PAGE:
Is Bursting More Effective than Spiking in Evoking Pituitary Hormone Secretion? A Spatiotemporal Simulation Study of Calcium and Granule Dynamics
Alessia Tagliavini, Joel Tabak, Richard Bertram, Morten Gram Pedersen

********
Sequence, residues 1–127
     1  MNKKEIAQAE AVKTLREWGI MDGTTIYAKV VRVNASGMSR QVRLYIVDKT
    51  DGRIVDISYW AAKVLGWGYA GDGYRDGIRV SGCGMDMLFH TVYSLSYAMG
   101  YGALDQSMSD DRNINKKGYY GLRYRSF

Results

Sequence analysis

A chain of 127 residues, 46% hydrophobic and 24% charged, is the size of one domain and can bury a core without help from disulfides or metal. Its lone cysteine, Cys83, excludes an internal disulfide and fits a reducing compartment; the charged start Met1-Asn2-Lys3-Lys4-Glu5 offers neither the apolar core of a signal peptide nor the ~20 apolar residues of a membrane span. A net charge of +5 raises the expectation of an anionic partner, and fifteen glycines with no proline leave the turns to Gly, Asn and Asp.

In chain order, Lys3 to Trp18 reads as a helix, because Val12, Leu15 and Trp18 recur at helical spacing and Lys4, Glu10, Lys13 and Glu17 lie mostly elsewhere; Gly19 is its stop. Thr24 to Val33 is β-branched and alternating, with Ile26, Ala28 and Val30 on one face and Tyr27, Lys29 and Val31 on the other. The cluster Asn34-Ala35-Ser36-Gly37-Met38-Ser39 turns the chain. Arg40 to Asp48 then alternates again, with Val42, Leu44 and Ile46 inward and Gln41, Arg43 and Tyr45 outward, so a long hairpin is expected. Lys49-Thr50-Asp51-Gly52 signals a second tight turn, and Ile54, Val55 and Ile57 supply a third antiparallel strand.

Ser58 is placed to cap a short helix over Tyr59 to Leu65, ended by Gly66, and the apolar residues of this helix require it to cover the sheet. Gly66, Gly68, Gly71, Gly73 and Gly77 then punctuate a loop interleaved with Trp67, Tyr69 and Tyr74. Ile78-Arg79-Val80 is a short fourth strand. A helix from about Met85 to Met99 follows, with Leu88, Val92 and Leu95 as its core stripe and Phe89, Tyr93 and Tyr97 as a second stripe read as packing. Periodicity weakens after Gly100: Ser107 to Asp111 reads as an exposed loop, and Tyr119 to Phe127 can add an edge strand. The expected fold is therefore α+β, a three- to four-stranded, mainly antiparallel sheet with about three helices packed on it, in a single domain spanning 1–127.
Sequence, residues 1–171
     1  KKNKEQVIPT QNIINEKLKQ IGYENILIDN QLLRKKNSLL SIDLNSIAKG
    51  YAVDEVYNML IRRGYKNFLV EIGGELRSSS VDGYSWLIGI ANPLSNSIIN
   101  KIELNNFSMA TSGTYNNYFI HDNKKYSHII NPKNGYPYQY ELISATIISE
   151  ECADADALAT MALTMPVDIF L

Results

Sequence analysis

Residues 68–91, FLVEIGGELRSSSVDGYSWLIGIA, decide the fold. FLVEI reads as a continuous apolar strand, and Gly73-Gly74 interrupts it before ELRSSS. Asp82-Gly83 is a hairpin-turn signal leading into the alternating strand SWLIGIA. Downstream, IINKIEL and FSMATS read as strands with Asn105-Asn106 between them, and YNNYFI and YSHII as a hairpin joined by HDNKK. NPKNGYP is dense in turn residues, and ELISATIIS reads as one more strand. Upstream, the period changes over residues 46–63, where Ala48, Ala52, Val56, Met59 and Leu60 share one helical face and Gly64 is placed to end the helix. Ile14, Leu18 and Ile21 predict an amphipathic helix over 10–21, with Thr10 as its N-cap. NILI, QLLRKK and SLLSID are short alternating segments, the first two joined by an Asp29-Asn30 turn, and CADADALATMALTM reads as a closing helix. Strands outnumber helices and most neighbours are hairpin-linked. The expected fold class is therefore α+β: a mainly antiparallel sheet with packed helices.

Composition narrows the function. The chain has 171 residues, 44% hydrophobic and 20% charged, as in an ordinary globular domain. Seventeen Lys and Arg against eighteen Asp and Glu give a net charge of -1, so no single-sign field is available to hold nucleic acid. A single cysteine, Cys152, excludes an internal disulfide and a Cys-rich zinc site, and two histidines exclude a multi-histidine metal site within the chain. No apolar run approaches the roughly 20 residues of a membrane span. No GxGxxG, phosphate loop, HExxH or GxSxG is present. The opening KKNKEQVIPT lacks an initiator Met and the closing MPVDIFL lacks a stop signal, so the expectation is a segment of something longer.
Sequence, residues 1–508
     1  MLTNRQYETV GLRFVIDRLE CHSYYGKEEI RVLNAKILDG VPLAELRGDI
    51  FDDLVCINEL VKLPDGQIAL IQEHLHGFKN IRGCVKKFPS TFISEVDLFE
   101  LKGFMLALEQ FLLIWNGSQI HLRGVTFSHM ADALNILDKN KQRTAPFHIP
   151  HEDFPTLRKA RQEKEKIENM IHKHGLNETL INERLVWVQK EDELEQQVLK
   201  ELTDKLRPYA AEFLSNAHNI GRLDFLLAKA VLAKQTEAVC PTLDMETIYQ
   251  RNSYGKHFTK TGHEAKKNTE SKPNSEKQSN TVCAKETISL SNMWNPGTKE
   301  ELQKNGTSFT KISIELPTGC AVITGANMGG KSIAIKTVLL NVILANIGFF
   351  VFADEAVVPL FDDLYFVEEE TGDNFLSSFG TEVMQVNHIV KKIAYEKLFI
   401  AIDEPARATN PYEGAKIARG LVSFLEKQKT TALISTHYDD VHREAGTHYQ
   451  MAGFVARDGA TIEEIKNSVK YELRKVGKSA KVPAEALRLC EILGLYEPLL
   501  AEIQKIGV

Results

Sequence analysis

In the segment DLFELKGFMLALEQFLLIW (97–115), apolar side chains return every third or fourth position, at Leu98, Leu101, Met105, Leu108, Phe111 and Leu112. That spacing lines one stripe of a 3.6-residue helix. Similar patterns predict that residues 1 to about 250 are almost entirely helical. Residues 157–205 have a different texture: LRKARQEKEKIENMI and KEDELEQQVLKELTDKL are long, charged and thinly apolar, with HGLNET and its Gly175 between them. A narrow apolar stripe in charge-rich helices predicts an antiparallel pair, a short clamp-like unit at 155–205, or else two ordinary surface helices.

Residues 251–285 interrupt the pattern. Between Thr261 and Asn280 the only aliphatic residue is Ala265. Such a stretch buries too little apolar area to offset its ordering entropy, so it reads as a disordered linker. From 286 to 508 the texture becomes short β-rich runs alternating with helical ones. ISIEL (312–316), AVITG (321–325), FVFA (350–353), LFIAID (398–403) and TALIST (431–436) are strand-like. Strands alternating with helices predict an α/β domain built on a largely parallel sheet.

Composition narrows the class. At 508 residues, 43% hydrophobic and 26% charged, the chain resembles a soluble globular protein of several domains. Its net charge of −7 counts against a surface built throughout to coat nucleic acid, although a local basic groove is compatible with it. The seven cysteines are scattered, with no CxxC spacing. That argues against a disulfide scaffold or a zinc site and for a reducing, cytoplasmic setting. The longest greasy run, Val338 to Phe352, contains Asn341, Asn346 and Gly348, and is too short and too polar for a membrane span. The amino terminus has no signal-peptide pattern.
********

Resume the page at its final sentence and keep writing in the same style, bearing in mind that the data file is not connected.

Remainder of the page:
Endocrine cells of the pituitary gland secrete a number of hormones, and the amount of hormone released by a cell is controlled in large part by the cell's electrical activity and subsequent calcium influx. Typical electrical behaviors of pituitary cells include continuous spiking and so-called pseudo-plateau bursting. It has been shown that the amplitude of calcium fluctuations is greater in bursting cells, leading to the hypothesis that bursting cells release more hormone than spiking cells. In this work, we apply computer simulations to test this hypothesis. We use experimental recordings of electrical activity as input to mathematical models of calcium channel activity, buffered calcium diffusion, and calcium-driven exocytosis. To compare the efficacy of spiking and bursting on the same cell, we pharmacologically block the large conductance potassium (BK) current from a bursting cell, or add a BK current to a spiking cell via dynamic clamp. We find that bursting is generally at least as effective as spiking at evoking hormone release, and is often considerably more effective, even when normalizing to calcium influx. Our hybrid experimental/modeling approach confirms that adding a BK-type potassium current, which is typically associated with decreased cell activity and reduced secretion, can actually produce an increase in hormone secretion, as suggested earlier.